He could never understand why I was a vegetarian and was forever trying to convert me. He’d look at me and say “Go on, Tim, you’ll love this beef … Mmmmm, this Spanish sausage is fantastic. Just try a little bit. Come on, you know you want to.” “No Dad, you want me to.”
In the last few years he had really become adventurous with his food. Previously a meat and two veg man, he moved into Camembert, goats cheese and Spanish meats. But garlic was a flavour too far. Never!
Films: war films mainly e.g. “A bridge too far”, “Tora Tora Tora”, “The Battle of Britain”, “Bridge Over the River Kwai” – he took me to see them all at the cinema. He didn’t like “Blade Runner” and eventually our tastes diverged and became too different for shared cinematic trips.
Everyone remembers Dad. At his local Barclay’s branch in Saltney, Pauline, the manager, said, “Oh Denis, of course I remember him, he was only in last month. He was such a lovely man. Always had a twinkle in his eye. Always liked a joke and had such a dirty laugh!”
He had an almost pathological fear of hospitals and doctors. You’d always know when “Casualty” or another medical drama had just been advertised on TV because there’d be “OH CHRIST!! Oh my GOD!!” followed by a frantic scramble for the zapper (some curses if he couldn’t find it) then silence (a very relieved silence). When I rang him on Sunday 6th January, and he sounded so weak and quiet, there was no way I could persuade him to call the paramedics … Perhaps I should have rang them but he’d have hated it. And he’d have hated the fuss.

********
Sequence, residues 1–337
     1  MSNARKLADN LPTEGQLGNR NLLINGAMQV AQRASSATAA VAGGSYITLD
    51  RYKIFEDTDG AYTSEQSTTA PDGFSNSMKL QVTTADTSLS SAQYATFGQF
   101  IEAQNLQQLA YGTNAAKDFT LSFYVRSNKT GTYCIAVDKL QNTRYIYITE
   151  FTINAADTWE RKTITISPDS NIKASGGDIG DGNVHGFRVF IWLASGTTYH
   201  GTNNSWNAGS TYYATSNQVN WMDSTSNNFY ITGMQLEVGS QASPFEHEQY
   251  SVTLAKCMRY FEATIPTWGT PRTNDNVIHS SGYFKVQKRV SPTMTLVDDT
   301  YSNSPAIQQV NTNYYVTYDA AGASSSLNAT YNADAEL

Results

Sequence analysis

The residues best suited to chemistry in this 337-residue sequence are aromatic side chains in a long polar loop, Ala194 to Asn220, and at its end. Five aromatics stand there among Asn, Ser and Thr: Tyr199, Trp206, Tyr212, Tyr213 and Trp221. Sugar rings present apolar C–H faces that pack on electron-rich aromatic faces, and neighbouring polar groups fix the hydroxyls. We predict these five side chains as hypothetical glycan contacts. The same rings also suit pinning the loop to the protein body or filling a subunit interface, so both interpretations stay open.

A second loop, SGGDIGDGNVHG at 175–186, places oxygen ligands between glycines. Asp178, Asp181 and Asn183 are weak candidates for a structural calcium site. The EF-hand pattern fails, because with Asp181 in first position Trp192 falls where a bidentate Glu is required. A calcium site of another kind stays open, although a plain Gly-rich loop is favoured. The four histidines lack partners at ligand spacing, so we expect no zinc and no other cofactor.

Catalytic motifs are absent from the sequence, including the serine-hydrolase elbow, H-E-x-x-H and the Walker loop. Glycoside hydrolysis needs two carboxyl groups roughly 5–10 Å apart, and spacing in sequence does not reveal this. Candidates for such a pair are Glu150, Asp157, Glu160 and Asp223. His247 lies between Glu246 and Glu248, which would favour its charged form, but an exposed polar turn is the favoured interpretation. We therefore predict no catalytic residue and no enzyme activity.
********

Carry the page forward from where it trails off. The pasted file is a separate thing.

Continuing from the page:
Dad retired in 1987 but had spent many years leading up to this event by putting in some serious practice in order to make the most of his imminent leisure time. He was renowned for getting back from work in time for Jackanory. His routine was: drop Sue off at Queen’s School at 0900, get into office and clear desk. Leave for “The Paddock” (cafe in Chester’s precinct) at 0930 and stay there with his cronies, talking and doing the Telegraph cryptic crossword, until 1100 when he’d nip into his car to get to his “patch” around Nantwich to arrive in time for lunch. Some work in the afternoon then back for Jackanory at 16.15. Perhaps I’m exaggerating slightly (his annual appraisals were all glowing and he always exceeded his targets) but work was definitely not his raison d’etre.
The oldest swinger in town …